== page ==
QANTAS Super continues to innovate on implementation efficiency, applying a new structure for managing its Australian and global equities centrally, which is expected to save its members more than $9 million a year.

Chief investment officer of the $6-billion fund, Andrew Spence, said the move was the latest in a number of innovative solutions employed by QANTAS Super to deliver implementation efficiencies through better management of transaction costs.

The fund has also implemented an agency foreign-exchange program across its global equities and alternative assets, saving $1.4 million in the year to June 30, 2012.

“In these combined activities there is a 25-basis-points saving to our members’ bottom line,” he said.

This latest initiative is a partnership with Seattle-based firm, Parametric, that specialises in after-tax investing, benchmarking and reporting.

QANTAS Super has 45 per cent in listed equities, split between Australian (20 per cent) and global equities (25 per cent) and employs 12 equities managers.

“We have been working on this for a long time. We are trying to be innovative and the board has been very receptive to what is a very different philosophical approach.”

Spence said while QANTAS Super “strongly believes” in the fiduciary model and will not look to manage money inhouse, it also sees that there is significant value in managing the investment value chain.

“We are deconstructing the value chain and reconstructing it in a way that works for our members, rather than another part of the industry,” he said. “There are meaningful savings to be had by managing that process. We have created $10 million of value-add by better management without internalising any management of assets.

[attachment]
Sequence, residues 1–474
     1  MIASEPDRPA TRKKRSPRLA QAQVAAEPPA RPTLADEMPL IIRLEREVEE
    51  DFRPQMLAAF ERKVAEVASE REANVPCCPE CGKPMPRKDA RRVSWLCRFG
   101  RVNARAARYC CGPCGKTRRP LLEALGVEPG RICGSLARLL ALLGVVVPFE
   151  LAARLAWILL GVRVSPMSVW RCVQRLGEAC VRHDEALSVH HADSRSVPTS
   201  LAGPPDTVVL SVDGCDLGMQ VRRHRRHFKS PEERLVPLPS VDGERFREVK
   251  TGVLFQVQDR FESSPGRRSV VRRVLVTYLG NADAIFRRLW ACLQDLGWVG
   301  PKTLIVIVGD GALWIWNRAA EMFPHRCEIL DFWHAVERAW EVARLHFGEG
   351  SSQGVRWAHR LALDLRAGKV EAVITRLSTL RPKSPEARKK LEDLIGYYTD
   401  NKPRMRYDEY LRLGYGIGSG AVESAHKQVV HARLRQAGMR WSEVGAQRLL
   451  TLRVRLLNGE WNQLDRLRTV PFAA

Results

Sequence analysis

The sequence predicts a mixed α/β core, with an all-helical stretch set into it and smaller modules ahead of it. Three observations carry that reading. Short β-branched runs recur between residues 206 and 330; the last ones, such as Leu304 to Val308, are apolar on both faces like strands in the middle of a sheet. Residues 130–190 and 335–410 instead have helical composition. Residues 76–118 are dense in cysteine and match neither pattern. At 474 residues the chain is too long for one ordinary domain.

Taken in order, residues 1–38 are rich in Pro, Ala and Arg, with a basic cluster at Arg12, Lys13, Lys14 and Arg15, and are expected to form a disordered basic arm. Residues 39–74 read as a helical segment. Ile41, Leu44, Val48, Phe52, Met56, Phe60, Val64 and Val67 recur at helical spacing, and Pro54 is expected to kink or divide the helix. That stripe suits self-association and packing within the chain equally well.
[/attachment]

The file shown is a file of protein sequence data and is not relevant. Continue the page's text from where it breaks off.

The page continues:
“We believe we can see where the gaps in the industry are and there are a number of participants who don’t necessarily add value in the chain. We are keen to ensure we continue to pay our investment partners appropriately because alpha is scarce, and we want access to the best managers. We think we can also be smarter on implementation efficiency,” he said.

Scott Lawrence, head of Parametric in Australia, said that the MySuper legislation has an explicit net-return investment objective that trustees have to target, which means considering fees, costs and tax.

“MySuper is a catalyst for trustees to take into account taxation consequences,” he said.

Spence also acknowledged the timeliness of this initiative in light of these new trustee obligations under Strong Super reforms to explicitly consider the tax consequences of investing and evaluate outcomes on an after-tax basis.

The chief executive of Parametric in Seattle, Brian Langstraat, says investors have the opportunity to save between 50 and 150 basis points a year through tax management.

Parametric, which is 90-per-cent owned by Eaton Vance, manages 12,000 portfolios and about $90 billion.

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